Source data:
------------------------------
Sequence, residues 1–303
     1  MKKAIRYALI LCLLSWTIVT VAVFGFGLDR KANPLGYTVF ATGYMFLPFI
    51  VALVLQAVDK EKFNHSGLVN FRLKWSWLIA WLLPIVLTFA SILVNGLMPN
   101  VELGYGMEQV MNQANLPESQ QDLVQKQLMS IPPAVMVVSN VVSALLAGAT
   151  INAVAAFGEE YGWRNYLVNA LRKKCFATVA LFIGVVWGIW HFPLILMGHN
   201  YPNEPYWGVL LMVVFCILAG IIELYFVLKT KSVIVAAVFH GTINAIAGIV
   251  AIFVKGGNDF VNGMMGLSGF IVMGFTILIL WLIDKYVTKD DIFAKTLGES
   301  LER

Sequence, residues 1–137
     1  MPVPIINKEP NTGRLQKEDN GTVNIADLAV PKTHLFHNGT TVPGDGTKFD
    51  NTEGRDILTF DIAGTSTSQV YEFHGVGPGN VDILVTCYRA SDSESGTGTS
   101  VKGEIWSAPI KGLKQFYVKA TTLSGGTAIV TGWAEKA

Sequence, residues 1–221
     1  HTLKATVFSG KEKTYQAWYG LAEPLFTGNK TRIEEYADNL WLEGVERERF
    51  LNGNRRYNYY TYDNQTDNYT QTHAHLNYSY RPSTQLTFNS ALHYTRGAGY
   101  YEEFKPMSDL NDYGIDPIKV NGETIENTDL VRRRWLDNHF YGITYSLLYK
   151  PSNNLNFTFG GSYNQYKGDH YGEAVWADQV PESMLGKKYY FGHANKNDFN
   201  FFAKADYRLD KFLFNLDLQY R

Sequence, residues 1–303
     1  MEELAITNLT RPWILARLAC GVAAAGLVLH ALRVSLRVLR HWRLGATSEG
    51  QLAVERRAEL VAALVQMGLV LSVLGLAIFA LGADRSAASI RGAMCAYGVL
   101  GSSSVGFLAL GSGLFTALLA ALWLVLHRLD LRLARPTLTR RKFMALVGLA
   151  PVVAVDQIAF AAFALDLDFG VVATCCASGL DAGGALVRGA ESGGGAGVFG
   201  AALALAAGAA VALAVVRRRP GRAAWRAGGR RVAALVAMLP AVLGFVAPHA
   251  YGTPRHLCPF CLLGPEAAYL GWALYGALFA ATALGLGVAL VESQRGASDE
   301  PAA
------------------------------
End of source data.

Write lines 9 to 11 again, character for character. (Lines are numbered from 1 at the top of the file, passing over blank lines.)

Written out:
Sequence, residues 1–137
     1  MPVPIINKEP NTGRLQKEDN GTVNIADLAV PKTHLFHNGT TVPGDGTKFD
    51  NTEGRDILTF DIAGTSTSQV YEFHGVGPGN VDILVTCYRA SDSESGTGTS